The Development Reader brings together fifty-four key readings on development history, theory and policy: Adam Smith and Karl Marx meet, among others, Robert Wade, Amartya Sen and Jeffrey Sachs. It shows how debates around development have been structured by different readings of the roles played by markets, empire, nature and difference in the organization of world affairs. For example, present-day concerns about economic liberalization echo long-standing debates around free-trade, extended divisions of labour and national economic policy. Likewise, old debates about empire are re-appearing in critical perspectives on US policy in the Middle East. While there is little room today for old-fashioned environmental or cultural determinism, the attention now being given to climate change and a clash of civilisations shows that questions of nature and difference remain at the centre of development politics. Section and individual extract introductions guide students through the material and bind the readings into a coherent whole. Organized chronologically as well as thematically, it offers an intellectual history of the debates and political struggles that swirl around development.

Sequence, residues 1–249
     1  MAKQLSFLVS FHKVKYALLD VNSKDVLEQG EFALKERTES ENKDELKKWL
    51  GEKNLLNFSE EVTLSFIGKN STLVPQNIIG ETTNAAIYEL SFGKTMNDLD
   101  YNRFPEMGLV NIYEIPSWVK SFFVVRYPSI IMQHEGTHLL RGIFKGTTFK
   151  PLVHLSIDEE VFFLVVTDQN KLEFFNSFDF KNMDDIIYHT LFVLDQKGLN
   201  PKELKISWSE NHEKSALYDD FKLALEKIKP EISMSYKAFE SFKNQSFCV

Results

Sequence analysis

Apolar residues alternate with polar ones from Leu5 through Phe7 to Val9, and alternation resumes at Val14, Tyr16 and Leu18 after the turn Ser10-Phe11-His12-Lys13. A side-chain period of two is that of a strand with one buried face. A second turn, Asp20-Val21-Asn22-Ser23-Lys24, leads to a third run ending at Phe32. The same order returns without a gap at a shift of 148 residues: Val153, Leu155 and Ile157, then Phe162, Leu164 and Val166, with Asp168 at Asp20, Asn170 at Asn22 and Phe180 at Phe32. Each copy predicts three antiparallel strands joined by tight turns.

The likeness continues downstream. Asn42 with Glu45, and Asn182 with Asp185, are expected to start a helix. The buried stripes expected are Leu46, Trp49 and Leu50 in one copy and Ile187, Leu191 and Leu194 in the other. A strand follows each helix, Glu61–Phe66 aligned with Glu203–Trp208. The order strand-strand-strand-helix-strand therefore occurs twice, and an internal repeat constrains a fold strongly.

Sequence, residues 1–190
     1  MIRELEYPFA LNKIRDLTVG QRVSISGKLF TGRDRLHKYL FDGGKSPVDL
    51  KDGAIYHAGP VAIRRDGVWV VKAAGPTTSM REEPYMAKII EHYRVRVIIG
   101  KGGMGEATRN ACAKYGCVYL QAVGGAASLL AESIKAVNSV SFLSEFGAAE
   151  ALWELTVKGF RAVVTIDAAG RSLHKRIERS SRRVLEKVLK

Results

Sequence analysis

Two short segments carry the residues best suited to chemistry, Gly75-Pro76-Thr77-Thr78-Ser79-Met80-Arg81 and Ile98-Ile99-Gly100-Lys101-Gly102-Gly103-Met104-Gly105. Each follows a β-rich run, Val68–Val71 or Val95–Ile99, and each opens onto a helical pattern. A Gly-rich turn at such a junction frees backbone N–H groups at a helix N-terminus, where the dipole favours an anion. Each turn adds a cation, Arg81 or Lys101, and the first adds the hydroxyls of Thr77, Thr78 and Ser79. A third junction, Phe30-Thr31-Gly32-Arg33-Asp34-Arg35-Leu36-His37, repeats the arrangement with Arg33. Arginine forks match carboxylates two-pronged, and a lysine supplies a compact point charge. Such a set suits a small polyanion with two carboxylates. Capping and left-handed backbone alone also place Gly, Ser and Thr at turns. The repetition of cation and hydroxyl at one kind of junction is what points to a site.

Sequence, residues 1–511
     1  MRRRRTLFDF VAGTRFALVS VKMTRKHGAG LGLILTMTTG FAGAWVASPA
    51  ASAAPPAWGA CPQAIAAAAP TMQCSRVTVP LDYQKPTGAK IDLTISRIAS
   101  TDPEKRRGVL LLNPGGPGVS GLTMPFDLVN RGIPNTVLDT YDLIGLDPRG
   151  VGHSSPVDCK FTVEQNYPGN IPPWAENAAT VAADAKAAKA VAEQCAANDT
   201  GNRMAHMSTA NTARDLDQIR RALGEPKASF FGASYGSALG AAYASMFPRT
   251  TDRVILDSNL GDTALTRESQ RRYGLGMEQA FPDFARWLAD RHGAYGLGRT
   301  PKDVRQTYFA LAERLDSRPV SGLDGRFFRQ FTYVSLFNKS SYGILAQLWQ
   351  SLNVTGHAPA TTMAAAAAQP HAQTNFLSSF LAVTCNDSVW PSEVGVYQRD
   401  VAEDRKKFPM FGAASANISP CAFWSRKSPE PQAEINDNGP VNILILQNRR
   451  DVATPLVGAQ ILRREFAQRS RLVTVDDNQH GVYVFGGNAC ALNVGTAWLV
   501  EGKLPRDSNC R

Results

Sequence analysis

By bringing together intellectual history and contemporary development issues in this way, The Development Reader breaks fresh ground. It will have broad appeal across the humanities and social sciences, and is essential reading for students of contemporary development issues, practitioners and campaigners.
Part I The Object of Development, Part II Markets, Empire, Nature, Difference, Part III Reform, Revolution, Resistance, Part IV Promethean Visions, Part V Challenges to the Mainstream, Part VI The Hubris of Development, Part VII Institutions, Governance and Participation, Part VIII Globalization, Security and Well-Being, Part IX Development in the 21st Century